Who of us hasn't been annoyed by young teens texting during the movie? Even if the kids have the sound turned off on their phones, the light from the displays are enough of a distraction to take our eyes off the bigger screen in front of us. Hollywood has made it clear, too, that text messaging is a problem for the movies. But for studio execs, the issue is with people texting their friends about how the new movie they're watching is not worth seeing. Bad buzz travels fast these days, and part of it's thanks to cell phones.

But cinemas will soon embrace texting as an interactive part of the moviegoing experience. Of course, it's just the latest way in which the exhibition industry is actually ruining the experience by bombarding patrons with obnoxious advertisements. This time it's part of a Verizon Wireless V Cast campaign in which audience members are asked to participate in polls appearing throughout the pre-show "entertainment." The ads ask a question, maybe about your favorite music, then you text the answer, and the results show up on the screen. Apparently, it's thought to actually be something that will lure customers, not keep them away.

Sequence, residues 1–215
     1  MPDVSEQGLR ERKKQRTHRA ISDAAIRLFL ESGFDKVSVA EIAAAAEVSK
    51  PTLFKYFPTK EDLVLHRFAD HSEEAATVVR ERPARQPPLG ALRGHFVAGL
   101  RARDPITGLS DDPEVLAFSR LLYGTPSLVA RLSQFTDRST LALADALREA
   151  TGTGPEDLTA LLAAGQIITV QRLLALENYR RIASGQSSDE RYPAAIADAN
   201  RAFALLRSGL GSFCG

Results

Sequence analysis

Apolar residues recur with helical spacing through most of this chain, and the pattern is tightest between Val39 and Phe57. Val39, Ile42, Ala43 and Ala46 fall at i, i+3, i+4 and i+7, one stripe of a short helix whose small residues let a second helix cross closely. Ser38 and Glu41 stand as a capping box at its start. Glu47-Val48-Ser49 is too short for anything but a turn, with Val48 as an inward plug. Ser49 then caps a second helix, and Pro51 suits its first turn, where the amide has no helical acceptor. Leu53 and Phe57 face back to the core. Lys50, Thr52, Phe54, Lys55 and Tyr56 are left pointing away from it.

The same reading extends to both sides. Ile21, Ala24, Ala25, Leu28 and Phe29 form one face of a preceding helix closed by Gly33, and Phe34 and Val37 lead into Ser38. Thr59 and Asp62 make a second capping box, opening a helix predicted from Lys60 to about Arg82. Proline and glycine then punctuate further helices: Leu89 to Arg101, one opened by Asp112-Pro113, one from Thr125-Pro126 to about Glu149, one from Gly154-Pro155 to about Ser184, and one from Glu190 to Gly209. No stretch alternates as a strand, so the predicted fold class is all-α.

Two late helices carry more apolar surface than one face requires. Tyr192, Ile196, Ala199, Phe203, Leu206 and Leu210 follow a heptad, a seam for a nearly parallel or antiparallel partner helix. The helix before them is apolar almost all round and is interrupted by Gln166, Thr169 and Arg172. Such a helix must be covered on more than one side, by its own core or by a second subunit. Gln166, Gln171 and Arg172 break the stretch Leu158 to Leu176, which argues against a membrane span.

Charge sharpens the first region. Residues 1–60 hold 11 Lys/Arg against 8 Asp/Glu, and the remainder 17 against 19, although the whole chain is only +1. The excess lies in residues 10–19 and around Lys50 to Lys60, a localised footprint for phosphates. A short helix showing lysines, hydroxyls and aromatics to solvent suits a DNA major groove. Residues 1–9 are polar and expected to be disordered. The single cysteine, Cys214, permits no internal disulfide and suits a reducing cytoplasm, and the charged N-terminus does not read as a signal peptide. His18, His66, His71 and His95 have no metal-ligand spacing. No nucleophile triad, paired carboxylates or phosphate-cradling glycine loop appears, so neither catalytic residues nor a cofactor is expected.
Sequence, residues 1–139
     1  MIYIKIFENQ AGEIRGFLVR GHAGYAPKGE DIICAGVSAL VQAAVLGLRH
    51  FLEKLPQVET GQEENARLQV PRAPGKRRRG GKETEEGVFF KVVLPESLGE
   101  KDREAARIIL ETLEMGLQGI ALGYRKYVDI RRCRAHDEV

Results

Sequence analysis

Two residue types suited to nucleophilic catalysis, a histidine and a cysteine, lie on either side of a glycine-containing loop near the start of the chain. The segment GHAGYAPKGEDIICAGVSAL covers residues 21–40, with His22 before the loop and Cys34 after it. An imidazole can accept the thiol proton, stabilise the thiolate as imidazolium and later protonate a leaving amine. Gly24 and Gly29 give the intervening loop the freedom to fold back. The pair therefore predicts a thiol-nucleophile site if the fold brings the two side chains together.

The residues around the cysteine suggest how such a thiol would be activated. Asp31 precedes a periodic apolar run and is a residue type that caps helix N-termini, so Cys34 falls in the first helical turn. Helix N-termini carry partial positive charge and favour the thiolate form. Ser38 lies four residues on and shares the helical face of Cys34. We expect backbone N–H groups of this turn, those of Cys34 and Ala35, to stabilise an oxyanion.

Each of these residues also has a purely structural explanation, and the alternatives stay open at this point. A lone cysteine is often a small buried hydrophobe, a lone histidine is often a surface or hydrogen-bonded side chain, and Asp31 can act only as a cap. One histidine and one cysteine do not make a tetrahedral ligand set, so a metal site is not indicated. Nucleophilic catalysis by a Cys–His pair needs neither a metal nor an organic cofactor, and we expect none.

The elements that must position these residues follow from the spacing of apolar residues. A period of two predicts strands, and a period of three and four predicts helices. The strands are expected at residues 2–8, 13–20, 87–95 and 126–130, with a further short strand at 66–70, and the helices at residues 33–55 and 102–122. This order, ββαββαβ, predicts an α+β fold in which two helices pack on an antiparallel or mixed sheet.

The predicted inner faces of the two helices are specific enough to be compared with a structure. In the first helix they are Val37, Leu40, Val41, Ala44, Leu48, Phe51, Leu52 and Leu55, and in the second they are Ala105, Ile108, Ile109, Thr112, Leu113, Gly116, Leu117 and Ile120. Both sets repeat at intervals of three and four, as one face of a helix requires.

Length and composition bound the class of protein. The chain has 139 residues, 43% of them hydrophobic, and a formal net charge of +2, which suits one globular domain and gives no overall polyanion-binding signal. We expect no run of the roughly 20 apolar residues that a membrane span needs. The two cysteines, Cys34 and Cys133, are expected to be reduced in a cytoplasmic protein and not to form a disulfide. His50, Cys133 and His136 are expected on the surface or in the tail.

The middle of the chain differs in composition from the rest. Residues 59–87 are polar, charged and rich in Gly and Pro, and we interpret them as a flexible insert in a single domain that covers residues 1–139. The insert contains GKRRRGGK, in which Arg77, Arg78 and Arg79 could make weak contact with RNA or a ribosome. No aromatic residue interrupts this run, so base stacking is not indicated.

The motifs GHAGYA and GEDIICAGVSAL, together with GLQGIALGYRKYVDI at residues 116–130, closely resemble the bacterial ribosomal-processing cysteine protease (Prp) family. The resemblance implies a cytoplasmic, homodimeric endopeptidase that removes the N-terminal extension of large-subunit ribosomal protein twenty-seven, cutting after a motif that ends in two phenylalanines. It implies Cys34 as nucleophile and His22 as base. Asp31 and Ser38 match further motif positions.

The technology and ads, courtesy of Verizon and Screenvision, will be appearing in cinemas later this month, but only in the 10 major U.S. cities (New York, Chicago, Boston, Atlanta, Dallas, Houston, Detroit, Los Angeles, Philadelphia and Washington D.C.). Reportedly, one of the ads was directed by Spike Lee and features Chris Cornell and Timbaland, but it's probably still not worth the nuisance of knowing the spots encourage texting during the movie.

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[via CinemaTech]
categories Movies, Cinematical